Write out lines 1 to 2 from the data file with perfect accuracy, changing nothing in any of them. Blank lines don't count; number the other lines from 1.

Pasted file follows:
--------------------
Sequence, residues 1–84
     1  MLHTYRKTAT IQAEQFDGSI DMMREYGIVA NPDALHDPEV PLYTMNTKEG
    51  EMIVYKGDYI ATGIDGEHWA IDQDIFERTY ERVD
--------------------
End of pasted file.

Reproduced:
Sequence, residues 1–84
     1  MLHTYRKTAT IQAEQFDGSI DMMREYGIVA NPDALHDPEV PLYTMNTKEG